The Two Faces of Guilt
We all want positive changes in our lives, but often there is something blocking us. Some blocks are very personal, but there are others which are almost universal. One of these universal saboteurs I frequently come across in my therapy practice is the feeling of guilt.
Often, we treasure guilt as a guardian to our morality, believing if we let go of it, we will become unscrupulous and prone to all sorts of unethical behavior. But is it really so? More often than not, guilt actually jeopardizes not just our own happiness but of the people who we share our lives with. Below are a few examples.
George has been a lonely man for many years now, ever since his girlfriend cheated on him. But then he met the woman who feels like his soulmate. She returns his affections. But happiness does not last long, as George feels a growing sense of inadequacy trying to live up to such an amazing woman. Even though this is not the case, he feels she ultimately will want “someone better” than him, and gets nervous and fidgety in the relationship. Unable to commit, he says he needs to be free, and they break up.
Paula is a professional woman in her late 30s, who’s working in a company environment she detests. For years now she’s been daydreaming about starting her own business, which would allow her to make better use of her time, talents and aspirations. She has bought books about business startups, been to some networking events in her free time and started a website, but every time she spends more than a little time on planning the launch, she suddenly gets tired or somehow sucked back into her daily routine.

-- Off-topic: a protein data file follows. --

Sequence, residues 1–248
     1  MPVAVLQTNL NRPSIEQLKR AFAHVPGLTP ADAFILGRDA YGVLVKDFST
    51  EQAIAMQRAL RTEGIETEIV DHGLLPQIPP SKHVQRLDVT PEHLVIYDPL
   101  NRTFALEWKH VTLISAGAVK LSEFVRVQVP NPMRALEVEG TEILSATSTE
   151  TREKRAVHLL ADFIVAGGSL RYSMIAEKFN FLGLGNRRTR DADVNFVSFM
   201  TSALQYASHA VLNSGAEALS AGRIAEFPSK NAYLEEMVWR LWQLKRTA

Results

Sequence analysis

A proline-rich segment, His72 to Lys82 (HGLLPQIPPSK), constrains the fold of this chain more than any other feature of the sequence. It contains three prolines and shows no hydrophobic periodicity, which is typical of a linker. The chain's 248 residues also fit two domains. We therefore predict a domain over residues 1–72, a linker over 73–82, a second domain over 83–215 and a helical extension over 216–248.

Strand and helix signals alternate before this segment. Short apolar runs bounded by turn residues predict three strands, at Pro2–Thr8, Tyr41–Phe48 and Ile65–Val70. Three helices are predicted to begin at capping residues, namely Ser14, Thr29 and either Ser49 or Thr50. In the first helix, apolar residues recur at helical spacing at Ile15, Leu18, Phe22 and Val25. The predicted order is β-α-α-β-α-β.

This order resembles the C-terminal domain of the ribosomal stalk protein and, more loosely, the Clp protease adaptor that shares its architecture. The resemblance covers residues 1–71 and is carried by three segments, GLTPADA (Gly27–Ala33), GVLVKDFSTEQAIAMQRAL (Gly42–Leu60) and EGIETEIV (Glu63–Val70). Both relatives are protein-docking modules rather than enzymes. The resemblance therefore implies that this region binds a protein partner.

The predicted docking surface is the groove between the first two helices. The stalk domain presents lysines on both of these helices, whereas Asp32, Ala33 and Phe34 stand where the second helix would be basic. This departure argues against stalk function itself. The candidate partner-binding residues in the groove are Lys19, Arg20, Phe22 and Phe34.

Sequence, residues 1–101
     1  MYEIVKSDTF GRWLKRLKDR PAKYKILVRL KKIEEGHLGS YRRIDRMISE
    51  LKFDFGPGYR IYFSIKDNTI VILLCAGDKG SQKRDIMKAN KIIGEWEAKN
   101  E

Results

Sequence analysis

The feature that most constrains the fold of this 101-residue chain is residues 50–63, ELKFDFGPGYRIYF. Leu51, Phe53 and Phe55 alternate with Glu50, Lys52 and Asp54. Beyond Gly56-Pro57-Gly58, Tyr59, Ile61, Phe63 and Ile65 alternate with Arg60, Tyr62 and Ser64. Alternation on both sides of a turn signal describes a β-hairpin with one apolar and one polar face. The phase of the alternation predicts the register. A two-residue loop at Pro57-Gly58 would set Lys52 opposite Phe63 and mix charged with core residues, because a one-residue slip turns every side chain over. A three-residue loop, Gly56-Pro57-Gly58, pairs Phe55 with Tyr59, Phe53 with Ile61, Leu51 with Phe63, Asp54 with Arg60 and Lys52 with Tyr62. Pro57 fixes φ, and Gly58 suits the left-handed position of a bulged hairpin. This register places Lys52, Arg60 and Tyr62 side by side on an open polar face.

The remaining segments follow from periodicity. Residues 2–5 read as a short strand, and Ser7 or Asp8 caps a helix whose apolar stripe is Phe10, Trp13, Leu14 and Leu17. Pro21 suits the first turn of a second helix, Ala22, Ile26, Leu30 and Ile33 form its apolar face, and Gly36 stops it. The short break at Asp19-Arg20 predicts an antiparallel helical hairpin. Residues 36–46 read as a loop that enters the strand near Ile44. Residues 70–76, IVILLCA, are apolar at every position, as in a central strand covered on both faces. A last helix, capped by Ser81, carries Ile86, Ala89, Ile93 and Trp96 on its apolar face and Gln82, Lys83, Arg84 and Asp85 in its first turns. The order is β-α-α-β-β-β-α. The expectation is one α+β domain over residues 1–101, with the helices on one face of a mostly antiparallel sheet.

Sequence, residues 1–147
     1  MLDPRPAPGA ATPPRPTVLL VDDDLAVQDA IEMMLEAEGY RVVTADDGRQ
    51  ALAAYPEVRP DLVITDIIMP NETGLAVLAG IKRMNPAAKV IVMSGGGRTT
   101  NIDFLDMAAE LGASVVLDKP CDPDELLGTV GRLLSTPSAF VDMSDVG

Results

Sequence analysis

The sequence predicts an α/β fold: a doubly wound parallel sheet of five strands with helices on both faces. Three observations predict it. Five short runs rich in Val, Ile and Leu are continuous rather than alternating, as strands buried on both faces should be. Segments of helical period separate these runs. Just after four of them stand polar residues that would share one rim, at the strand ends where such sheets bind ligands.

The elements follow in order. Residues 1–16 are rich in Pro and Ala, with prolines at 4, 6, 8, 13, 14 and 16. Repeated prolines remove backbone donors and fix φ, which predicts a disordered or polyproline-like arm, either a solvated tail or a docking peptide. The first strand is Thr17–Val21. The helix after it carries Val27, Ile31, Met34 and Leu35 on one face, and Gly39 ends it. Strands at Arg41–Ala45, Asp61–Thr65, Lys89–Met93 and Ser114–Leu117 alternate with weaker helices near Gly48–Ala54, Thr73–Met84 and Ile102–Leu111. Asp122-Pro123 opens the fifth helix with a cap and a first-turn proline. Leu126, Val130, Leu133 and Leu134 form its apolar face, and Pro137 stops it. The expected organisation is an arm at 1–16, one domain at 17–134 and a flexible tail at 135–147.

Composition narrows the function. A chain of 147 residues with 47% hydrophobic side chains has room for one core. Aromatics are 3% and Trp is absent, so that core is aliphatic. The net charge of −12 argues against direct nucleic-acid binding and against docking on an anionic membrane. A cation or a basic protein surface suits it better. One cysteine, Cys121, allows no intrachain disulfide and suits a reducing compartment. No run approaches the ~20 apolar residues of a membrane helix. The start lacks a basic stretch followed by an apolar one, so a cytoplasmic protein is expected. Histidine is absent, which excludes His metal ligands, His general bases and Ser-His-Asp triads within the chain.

Eveline lives in the house she inherited from her parents, and which she treasures for its family memories. However, she has nasty issues with the neighbors, which make her life very uncomfortable. When she gets an offer to exchange the house for another one, she backs off nervously. Somehow it seems too good to be true.
What is it that keeps these people from reaching new levels of happiness? We might say that George is still hooked to past drama, Paula is fearful of losing her stable income, and Eveline is overly cautious. But beyond all that, on a level deeper still, there is a lurking feeling of not deserving it, of not being worthy of true happiness. In one word: it is guilt.
Guilt is a negative emotion that serves us no good. It is as toxic as anger, hatred or ignorance. Feeling guilty is a bad, usually deeply conditioned habit. But as with any other bad habit, we’ll have a hard time letting it go, until we think there is anything good about it.
Socially, we still think that guilt serves us in some way: after all, what would happen if we stopped installing guilt into our children? Wouldn’t we just all go on stealing, killing and engaging in all sorts of misconduct? Surely, without a sense of guilt, the moral construct of our civilization would collapse — or would it? The answer is: instead of relying on guilt to prevent ourselves from misconduct, we must cultivate the ability to learn from our mistakes.